RipTen Exclusive Interview with THQ's Danny Bilson

RIPTEN EXCLUSIVE INTERVIEW WITH DANNY BILSON

The past six months haven’t been kind to THQ.

While their stock prices have declined steadily for the past two years, things took a turn for the dreadful last fall when the company announced that it was killing the uDraw tablet. That left over a million units ensconsed in a warehouse, worthless and doomed to a desert hole next to the Atari 2600′s E.T. cartridges. In combination with the announcement that the publisher was withdrawing from the kids game genre, the news caused a precipitous plunge that started the publisher on the road to a letter no publicly traded company wants to receive.

In January of 2012, THQ received a delisting notice from NASDAQ for trading below the minimum threshold of $1.00 for 30 days. In order to recover, the publisher’s stock must trade above $.99 for a minimum of 10 consecutive business days before July 23, 2012. If they don’t comply, they wouldn’t be the first in the industry. Atari was delisted, bought out by Infogrames, who then reincorporated as Atari, S.A. in 2009. While the company survived, they have yet to return to their former glory. Delisting isn’t a death sentence, but the results typically aren’t pretty.

Since the announcement of the Warhammer 40,000: Dark Millennium ”shift” from MMO to single-player/multi-player title, the company’s stock has slid from $.63 per share to $.50 (as of this writing): a 20% drop. One of the ways that the company can pull out if prices don’t rise naturally is a reverse stock split. However, if the price drops any further, it will have to be more than a 2:1 reverse split in order to trade above $.99 per share. While things look bleak, Executive Vice President for Core Games, Danny Bilson, is optimistic. We had the chance to speak with him about the company’s upcoming titles, the tragic layoffs at Vigil Games and Relic Entertainment and how THQ is setting themselves up to become stronger than ever.

Michael Futter: First, thank you for taking the time to speak with us, I know you’re extremely busy.

Danny Bilson: Yeah, it’s a busy time.

MF: I’m sure. My first question is, at the end of January, THQ received a delisting notice from NASDAQ. You have until July 23 to bring the company back into compliance (10 consecutive days trading above $.99). Since the announcement about the Warhammer MMO [Dark Millennium] “shifting,” stocks are down as of right now about $.13, which amounts to 20%. They are trading right now at $.50. How are you guys going to pull out of this decline?

DB: With our portfolio that we have been working really hard on that rolls out some, what I think, are some great games over the next three years. Absolutely. I think that there is no concern around here about delisting. There are a lot of ways to avoid that, but the best way is to ship great games and to sell them well.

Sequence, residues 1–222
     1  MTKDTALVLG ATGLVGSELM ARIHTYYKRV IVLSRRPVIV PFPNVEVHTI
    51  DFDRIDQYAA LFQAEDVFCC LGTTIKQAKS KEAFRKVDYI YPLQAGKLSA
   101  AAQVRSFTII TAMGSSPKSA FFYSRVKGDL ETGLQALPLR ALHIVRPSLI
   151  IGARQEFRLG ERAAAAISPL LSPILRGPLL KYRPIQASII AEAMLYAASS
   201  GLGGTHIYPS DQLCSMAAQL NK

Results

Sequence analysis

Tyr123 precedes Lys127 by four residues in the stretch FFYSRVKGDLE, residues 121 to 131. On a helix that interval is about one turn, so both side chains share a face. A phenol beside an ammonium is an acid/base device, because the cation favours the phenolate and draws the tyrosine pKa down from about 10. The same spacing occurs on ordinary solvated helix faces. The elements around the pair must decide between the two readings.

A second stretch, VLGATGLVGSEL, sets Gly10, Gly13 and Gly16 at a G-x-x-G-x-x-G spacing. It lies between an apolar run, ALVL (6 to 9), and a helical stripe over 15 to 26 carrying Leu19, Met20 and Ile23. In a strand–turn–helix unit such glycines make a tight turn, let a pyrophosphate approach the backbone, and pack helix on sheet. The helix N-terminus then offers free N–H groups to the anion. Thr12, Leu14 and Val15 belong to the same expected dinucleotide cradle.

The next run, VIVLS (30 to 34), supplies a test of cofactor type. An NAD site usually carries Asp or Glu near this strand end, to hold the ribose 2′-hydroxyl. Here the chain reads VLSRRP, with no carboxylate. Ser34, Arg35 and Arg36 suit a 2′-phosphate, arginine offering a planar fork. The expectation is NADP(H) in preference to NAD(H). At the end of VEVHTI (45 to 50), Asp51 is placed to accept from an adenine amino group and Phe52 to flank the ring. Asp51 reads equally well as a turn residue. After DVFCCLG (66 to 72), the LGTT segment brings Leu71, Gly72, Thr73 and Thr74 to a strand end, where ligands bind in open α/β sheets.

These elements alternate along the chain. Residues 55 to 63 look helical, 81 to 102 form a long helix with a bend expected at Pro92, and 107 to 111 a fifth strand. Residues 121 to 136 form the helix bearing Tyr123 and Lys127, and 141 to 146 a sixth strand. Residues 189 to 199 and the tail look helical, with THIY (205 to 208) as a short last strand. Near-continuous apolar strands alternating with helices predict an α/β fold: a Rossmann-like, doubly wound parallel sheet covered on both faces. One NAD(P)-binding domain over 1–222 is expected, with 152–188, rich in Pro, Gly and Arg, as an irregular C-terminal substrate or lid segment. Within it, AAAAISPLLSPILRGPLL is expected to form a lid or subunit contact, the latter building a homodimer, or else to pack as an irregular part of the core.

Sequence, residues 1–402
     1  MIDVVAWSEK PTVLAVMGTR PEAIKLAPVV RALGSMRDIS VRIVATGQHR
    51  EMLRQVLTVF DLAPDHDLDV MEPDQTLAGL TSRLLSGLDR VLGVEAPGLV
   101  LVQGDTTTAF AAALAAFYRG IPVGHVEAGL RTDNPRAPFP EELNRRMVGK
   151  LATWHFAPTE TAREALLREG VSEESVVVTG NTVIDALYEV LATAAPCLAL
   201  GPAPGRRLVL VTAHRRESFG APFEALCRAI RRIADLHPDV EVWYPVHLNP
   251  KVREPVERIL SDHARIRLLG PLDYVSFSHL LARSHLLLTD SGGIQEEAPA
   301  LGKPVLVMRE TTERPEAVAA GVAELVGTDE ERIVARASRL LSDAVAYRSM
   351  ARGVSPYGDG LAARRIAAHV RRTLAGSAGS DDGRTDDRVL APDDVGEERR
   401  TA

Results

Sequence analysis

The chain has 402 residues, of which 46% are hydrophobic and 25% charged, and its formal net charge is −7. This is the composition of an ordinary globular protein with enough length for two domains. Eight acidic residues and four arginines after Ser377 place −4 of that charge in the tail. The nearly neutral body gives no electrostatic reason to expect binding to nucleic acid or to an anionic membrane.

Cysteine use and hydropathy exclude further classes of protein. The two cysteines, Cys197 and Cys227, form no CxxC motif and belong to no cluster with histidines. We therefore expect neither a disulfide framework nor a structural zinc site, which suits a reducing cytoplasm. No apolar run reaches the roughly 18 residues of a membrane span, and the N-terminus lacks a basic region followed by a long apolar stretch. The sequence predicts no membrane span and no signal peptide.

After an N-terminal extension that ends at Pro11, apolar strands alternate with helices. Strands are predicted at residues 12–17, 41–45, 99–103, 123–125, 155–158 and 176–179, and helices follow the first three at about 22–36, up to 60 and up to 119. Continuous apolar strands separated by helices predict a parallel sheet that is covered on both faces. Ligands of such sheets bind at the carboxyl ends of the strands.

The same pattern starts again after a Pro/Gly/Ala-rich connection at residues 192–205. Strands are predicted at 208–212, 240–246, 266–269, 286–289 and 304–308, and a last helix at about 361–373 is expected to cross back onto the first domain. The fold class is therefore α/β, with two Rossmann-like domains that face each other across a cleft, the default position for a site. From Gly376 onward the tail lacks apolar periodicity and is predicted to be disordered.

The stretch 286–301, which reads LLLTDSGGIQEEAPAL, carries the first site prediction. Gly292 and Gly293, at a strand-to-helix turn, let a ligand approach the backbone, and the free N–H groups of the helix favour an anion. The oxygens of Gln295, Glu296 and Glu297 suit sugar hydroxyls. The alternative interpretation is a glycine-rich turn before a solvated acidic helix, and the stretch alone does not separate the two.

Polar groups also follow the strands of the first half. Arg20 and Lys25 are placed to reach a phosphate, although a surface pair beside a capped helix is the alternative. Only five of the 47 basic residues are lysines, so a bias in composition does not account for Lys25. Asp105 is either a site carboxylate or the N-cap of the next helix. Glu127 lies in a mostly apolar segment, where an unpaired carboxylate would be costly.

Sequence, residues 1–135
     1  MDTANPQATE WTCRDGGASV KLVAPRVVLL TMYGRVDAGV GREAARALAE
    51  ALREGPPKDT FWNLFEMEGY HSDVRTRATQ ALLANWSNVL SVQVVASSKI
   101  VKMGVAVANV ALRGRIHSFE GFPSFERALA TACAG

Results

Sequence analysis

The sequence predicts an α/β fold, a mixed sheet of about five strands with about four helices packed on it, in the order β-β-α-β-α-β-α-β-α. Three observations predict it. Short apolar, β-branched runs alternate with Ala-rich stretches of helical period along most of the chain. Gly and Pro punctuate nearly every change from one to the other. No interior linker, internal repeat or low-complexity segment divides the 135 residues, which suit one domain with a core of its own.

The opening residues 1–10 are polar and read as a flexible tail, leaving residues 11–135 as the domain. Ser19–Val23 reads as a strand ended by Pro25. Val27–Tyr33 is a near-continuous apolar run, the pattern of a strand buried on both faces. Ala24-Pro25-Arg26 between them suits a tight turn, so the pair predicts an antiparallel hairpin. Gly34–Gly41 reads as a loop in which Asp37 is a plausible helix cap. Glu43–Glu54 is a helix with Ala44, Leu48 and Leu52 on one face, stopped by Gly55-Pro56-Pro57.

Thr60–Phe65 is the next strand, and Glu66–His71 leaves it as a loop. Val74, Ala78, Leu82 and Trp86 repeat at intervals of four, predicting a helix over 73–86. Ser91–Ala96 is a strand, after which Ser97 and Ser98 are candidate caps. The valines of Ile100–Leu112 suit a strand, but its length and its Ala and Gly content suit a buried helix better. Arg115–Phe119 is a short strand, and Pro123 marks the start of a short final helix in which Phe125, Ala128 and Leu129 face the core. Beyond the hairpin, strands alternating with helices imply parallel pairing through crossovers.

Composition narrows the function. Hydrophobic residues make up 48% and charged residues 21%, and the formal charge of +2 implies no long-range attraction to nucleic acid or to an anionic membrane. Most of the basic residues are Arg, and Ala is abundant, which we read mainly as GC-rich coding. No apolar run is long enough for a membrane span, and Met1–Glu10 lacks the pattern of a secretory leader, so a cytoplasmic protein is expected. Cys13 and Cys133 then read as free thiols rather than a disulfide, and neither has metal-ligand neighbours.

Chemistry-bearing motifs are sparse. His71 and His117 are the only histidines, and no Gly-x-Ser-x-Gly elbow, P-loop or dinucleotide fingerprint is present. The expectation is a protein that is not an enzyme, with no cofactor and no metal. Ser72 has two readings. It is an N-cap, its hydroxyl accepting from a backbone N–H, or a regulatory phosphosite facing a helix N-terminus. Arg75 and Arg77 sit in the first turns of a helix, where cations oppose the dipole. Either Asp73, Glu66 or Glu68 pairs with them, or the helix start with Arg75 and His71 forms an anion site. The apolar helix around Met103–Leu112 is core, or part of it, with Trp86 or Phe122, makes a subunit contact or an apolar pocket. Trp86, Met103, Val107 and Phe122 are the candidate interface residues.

MF: Between now and the July 23 deadline, what is scheduled to release? I know that Darksiders II is currently scheduled for June 26. Is that going to make the June 26 ship date?

THQ PR REP: The two things don’t have anything to do with each other. Shipping the product doesn’t change anything that we’re doing to deal with NASDAQ.

MF: There’s a reaction from the investing community about a critically acclaimed game, though. So, the question is, will Darksiders II still ship on June 26?

THQ PR REP: Honestly, I can’t confirm that right now. The team is actually on the road. I can get back to you.

DB: Darksiders II is looking really, really good. It’s a huge game. It looks like… I don’t want to give the exact amount of hours of gameplay… but it’s a very, very lengthy and involved campaign. We’re going to give that team everything they need to make it as good as it can be.

MF: So there is a chance for a delay?

DB: We haven’t announced anything… but the team is working really, really hard. We’re not going to ship it before it’s done.

MF: What prompted that question is that with the announcement about the Warhammer MMO, based on the information I could find, it was about 40-50% of Vigil Games’ workforce that was cut.

DB: The workforce was reduced and the people that… of course, whenever a studio does that, they will retain the best people and the best talent, no matter what team they were on. The team is still… it’s a pretty large team in there right now. Close to 100 people.

MF: If they retained the best people, were there people on the existing Darksiders II team that were cut to be replaced with people who were on the Warhammer MMO team?

DB: There are. There are. A lot of that was preserving the most senior and experienced talent in the studio. Honestly, no one who was on any critical path on Darksiders was let go, and no one was let go before they finished their tasks on Darksiders. There’s absolutely no compromise on the Darksiders product whatsoever. That was a high priority for us.

 

Read on for our discussion about the Warhammer 40,000: Dark Millennium MMO “shift”